FMH to hold May 1 landscaping work party

Franklin Memorial Hospital in Farmington is in the middle of a three-year plan to upgrade the complex’s grounds. As seen on April 13th, the large red pines have been removed and the areas will be planted with new bushes and trees this spring or autumn. Pam Harnden / Livermore Falls advertiser

FARMINGTON – Franklin Memorial Hospital is hosting a study group starting Saturday, May 1st at 9:00 am.

Volunteers are required to rake harvested areas and pick up stones and sticks before spraying those areas with grass. Gloves and rakes should be brought. Social distancing and masks are required.

The working group is part of a three-year plan to modernize the FMH campus, Garrick Hyde, CFO of the Franklin Community Health Network, said in a telephone interview on April 8th.

FMH treats people for physical ailments, he said. The healing garden is a beautiful place that patients and staff prefer in the summer, he noted.

“The underlying principle / goal of this project is that if we were to give thought to other areas it would have the opportunity to improve physical and emotional healing while we are here,” said Hyde. “There is a lot of stress when people drive in. When they see something peaceful, the calming begins when they pull in. We want the public to feel welcome and invited. “

In the 1940s, the site was a tree farm with red and white pine trees planted in different woods, Hyde said.

“The red pines were around the hospital buildings and just west of the Wilton-Farmington border,” he said. “There are still seven acres of white pine trees on the west side of the Comfort Inn. These will be harvested next January. “

All trees were in poor condition with disease or plague should have been harvested decades ago, Hyde said. Four pines fell in a storm a few weeks ago, he noted.

This landscaping of the site at Franklin Memorial Hospital in Farmington shows what is planned. Sick red pines were harvested in January and white pines will be harvested in 2022. Robert Zundel from Tree Line Landscape in Farmington created the design.

In January, the red pines were harvested from 19 acres: 3 acres around buildings and 16 acres in the wooded areas. Younger hardwood trees are already growing there.

All trees with logs larger than 42 inches went to Braunschweig, while shorter ones were cut into 12 and 16 foot logs, Hyde said.

“You go to Quebec, there isn’t a lot of market in the United States,” he said. “Canadians love them for decking.”

Some logs have been saved to build a pavilion that will be ready for use this fall.

“I stood outside in February at 10-sub-zero and thought how nice it would be to have some of the timber harvested, to commemorate the history of the tree farm and to pay homage to our past,” said Hyde.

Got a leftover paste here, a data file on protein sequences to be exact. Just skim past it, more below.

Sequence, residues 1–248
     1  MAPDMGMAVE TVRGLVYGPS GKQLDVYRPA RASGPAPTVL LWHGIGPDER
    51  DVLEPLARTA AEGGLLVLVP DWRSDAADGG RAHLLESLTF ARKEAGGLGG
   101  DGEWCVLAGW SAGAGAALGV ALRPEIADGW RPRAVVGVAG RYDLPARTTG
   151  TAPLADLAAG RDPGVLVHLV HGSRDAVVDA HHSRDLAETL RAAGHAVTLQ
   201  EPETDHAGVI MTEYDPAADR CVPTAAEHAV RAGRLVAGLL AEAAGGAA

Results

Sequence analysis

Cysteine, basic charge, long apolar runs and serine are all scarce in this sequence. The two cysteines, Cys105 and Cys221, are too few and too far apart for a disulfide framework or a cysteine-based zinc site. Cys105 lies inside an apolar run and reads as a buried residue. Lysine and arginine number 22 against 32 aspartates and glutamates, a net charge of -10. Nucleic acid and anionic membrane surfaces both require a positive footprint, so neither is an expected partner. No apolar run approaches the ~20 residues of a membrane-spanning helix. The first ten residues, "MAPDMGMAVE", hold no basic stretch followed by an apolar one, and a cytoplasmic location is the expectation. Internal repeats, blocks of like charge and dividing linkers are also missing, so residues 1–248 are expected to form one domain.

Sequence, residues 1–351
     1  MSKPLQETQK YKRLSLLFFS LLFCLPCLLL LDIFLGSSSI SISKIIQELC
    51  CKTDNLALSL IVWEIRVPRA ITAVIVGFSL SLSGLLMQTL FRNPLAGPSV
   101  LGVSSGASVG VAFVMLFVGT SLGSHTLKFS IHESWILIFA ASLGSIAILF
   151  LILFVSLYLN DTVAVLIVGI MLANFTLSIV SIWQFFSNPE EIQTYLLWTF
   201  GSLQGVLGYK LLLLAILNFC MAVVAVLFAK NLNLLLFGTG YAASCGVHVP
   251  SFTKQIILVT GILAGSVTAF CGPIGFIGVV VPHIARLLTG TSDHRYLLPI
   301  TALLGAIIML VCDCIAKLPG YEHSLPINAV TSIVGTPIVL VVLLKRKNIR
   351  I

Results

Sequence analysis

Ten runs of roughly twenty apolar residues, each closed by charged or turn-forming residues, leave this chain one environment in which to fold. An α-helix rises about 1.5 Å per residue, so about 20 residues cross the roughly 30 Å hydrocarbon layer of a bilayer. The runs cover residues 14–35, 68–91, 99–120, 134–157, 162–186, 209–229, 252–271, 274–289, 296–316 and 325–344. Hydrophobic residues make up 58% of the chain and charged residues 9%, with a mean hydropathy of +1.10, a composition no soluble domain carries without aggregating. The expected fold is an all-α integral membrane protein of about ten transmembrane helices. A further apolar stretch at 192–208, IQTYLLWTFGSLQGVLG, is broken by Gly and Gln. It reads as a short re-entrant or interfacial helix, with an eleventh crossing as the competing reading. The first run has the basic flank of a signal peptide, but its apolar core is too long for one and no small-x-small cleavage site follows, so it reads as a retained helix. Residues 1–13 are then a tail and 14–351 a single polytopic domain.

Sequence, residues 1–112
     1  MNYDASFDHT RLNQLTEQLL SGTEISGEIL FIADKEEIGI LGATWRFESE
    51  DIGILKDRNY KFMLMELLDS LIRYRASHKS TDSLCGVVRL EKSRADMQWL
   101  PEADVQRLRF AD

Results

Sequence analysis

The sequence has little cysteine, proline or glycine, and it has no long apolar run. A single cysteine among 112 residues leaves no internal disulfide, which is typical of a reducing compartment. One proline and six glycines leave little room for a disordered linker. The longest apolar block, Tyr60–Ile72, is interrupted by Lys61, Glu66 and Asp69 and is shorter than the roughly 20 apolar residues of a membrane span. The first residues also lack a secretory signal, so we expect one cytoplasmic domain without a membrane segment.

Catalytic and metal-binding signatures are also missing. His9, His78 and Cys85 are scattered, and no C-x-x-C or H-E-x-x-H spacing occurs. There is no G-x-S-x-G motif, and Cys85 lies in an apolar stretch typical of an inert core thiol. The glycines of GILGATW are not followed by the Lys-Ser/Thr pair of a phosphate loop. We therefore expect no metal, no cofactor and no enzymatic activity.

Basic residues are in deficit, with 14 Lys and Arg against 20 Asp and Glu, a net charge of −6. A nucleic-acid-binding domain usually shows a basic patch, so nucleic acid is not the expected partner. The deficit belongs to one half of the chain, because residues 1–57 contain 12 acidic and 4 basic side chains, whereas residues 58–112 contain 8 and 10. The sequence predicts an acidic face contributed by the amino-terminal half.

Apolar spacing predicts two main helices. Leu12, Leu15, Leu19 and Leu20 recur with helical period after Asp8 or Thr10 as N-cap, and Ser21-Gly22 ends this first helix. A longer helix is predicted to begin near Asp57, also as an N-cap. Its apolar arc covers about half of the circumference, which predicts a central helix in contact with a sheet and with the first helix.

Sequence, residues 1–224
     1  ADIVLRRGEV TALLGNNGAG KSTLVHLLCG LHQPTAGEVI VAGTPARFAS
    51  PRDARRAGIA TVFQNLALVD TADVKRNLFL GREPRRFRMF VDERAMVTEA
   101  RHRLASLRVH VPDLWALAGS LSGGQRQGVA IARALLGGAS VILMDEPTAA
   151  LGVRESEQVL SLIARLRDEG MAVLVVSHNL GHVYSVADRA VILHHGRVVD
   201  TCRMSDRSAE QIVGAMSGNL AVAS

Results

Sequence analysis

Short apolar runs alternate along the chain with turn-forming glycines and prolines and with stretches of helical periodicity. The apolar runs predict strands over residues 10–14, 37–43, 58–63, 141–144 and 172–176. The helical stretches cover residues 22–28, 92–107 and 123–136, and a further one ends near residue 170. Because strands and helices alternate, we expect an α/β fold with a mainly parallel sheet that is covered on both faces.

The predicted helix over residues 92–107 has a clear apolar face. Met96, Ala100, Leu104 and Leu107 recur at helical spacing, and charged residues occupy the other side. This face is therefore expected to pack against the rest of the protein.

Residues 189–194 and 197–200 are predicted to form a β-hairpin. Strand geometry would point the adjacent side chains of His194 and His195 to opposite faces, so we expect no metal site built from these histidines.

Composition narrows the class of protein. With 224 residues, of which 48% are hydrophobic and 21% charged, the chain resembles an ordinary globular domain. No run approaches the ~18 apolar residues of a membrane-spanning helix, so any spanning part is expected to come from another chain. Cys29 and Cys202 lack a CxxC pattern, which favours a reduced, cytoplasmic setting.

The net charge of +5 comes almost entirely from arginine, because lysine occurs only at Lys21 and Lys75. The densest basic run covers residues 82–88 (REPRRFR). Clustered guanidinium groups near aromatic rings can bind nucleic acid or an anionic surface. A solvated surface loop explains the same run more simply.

The elements were selected from several structures viewed online to create a 30 by 30 foot design.

“It’s going to be wonderful,” said Hyde. “It will have a metal roof, an overhang to protect the wood,” he said. “The foundation will be poured this summer. Water and electricity will flow there from the mountain. Blue building for night meetings. “

Disabled parking spaces will be installed in front of the mountain this spring. Blue building that houses the primary care clinic.

The Farmington Conservation Commission helped with this project. It’s an ongoing effort, the Commission sees it as good urban forestry, Hyde said.

A commissioner, Robert Zundel, owner of Tree Line Landscape donated a design rendering showing a variety of shrubs and trees, both conifers and deciduous trees, that can withstand salt and provide color, Hyde said.

“He was so nice, I hired him to plant the trees,” said Hyde. “He’s such a gem. His creativity is amazing. He suggested planting edible things. 12 disease-resistant apple varieties and blueberries, which turn red in autumn, will be included. “

These will work well when the wardrobe is set up, he noted.

Some plantings will be done this spring, some this fall, and some next year.

A great solution for pouring has been derived, Hyde said.

“We don’t have an irrigation system now, but we have hydrants,” he said. “I contacted the water district to ask about the installation of irrigation systems. The hydrants and large hoses on the wheels provide easy access when needed. The hospital will pay for the water. “

After hydroseeding, the areas have to be watered daily for the first few weeks and then less frequently. In the most visible areas, more plants, shrubs and trees will be added this year and more next year.

“Red oaks are planted along the ring road,” said Hyde. “It will create a boardwalk when they get bigger. When you enter the main car park, the pavilion is on the left in front of the large auditorium. It will be an outdoor area for employees to have lunch, hold outdoor meetings and be available to the public. “

The plan is to use some large, well-established trees from special sources that cost around $ 500 each, Hyde said. People can “buy” a tree as a memorial, he said.

“Ideally, we would plant the trees first and people could run around and choose a tree to sponsor,” said Hyde.

For more information, contact Jill Gray, FCHN Community Relations Director at 207-779-2555.

In the third year things get really nice with the bushes and flowers, Hyde said. Zundel has suggested using ID badges like in an arboretum, he said.

“That was such a fun project,” said Hyde. “It was made thoughtful. Seeing what it will look like has lifted people’s spirits. Most people respond very positively. “

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